The Buffett Rule headed to Congress

Updated
Warren Buffett (file)
Warren Buffett (file)
Brendan McDermid/Reuters

A version of the “The Buffett Rule” could soon make its way to Congress.

Senator Sheldon Whitehouse announced plans to introduce legislation that would require Americans making more than $1 million to pay a 30 percent tax rate or more. The effort is a nod to the billionaire investor Warren Buffett who proposed that wealthy Americans, like himself, pay more taxes — a sentiment echoed by President Obama in last week’s State of the Union address and other speeches.

“You basically add a line to the tax form that says, if your income is over $1 million, multiply it by 0.3 and if that number is bigger than what you’d otherwise be paying, pay that,” the Democrat from Rhode Island told reporters during a conference call on Monday.  “It’s sort of like a minimum tax. It doesn’t go into the tax rate or deductions and try to unwind them. You can adjust out of it your charitable contributions but they still count toward the million, they just don’t count toward the 30 percent.”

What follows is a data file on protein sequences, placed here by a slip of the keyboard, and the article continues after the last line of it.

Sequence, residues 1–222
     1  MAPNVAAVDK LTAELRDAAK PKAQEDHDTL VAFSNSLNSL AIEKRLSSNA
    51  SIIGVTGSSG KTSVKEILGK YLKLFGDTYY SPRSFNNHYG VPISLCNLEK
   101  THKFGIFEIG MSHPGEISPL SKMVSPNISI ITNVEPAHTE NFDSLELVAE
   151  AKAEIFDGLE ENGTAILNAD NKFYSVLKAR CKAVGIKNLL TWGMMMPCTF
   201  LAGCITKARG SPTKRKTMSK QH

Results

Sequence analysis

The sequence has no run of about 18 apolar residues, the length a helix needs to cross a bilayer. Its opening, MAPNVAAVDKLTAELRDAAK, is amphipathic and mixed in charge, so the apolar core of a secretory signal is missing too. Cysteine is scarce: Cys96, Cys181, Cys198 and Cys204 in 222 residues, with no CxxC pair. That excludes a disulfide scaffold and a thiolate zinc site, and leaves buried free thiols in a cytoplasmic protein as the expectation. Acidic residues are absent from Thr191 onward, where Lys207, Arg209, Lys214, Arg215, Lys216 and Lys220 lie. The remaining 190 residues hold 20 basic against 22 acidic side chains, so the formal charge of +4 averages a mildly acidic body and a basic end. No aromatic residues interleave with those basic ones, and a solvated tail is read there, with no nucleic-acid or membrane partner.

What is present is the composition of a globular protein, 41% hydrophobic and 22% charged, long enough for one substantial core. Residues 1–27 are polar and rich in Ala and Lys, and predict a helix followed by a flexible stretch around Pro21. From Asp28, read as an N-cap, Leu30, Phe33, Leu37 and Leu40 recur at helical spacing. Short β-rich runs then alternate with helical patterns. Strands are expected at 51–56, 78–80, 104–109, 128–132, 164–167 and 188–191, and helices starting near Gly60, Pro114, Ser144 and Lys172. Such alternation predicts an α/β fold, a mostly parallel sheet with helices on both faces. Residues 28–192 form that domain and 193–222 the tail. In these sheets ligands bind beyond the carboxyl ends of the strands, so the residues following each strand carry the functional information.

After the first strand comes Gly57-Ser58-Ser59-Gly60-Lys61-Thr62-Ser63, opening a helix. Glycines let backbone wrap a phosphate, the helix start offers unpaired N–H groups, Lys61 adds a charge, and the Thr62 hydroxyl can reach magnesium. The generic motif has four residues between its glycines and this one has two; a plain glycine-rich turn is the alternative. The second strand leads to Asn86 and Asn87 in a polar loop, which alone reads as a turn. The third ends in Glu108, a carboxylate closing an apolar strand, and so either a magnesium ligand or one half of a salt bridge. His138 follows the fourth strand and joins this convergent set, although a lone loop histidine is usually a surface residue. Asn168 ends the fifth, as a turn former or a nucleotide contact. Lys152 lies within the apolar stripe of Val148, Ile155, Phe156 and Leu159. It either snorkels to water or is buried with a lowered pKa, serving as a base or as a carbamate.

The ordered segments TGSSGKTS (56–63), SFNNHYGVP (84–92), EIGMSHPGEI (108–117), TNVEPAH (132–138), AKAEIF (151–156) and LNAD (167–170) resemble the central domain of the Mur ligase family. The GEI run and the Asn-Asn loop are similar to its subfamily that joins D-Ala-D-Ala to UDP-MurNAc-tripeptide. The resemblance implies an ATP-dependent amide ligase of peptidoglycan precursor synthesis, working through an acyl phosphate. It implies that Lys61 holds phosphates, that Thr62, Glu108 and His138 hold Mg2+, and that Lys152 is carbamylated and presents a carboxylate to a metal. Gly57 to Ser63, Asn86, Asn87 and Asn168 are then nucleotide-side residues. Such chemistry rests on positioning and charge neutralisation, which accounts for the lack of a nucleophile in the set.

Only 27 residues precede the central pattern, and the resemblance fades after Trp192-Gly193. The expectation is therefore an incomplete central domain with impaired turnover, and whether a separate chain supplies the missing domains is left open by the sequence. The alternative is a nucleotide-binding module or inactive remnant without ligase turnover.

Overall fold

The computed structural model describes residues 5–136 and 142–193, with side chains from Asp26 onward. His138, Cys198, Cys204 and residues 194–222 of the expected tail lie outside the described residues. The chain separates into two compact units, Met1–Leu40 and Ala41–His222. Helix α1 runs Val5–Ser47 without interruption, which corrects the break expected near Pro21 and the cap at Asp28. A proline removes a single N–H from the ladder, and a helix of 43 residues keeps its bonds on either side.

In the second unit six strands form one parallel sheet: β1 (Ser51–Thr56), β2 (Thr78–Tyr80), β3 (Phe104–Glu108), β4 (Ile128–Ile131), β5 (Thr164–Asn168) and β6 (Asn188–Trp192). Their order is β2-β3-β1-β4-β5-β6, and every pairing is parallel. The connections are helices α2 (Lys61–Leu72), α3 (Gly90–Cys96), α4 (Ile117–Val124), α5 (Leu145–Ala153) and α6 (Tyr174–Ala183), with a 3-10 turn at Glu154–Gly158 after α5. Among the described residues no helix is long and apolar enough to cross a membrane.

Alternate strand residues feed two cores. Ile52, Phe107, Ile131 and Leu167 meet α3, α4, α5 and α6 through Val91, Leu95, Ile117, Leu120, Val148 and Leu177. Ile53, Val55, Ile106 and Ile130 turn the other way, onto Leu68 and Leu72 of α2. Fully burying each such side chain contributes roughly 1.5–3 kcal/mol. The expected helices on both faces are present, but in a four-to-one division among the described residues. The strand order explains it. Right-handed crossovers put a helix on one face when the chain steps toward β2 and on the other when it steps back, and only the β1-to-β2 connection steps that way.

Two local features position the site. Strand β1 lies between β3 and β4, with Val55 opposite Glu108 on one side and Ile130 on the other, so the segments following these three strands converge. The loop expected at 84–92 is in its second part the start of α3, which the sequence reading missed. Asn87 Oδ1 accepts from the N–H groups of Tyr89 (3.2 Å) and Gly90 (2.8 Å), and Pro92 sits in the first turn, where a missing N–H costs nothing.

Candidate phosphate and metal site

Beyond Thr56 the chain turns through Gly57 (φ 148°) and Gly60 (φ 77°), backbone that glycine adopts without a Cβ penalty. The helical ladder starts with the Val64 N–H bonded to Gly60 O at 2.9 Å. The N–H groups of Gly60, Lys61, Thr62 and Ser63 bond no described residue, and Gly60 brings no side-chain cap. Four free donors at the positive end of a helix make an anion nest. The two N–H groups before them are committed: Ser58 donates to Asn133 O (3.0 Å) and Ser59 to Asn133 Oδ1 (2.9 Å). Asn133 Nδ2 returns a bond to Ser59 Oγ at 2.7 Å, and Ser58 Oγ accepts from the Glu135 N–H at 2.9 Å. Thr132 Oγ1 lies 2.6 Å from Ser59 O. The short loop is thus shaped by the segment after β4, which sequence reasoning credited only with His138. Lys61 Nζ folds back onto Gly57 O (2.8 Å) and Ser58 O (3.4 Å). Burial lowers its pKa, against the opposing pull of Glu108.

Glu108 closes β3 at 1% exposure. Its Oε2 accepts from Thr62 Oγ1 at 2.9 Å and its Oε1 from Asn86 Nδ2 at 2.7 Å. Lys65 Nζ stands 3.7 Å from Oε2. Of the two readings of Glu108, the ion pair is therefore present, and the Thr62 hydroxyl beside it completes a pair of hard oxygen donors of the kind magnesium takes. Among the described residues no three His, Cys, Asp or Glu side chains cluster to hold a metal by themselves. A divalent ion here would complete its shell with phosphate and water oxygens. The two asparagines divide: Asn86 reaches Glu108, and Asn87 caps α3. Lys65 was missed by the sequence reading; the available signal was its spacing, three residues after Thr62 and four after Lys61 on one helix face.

Between the Occupy Wall Street movement and Mitt Romney’s controversial 14 percent tax rate, the distribution of wealth and taxes have become a central theme this election cycle. Though, this proposed change to the tax code would be an uphill battle to actually get passed. (A for effort?)

Whitehouse is expected to introduce his bill on Wednesday. He declined to name the co-sponsors.

Warren Buffett, Occupy, Mitt Romney and Barack Obama

The Buffett Rule headed to Congress

Updated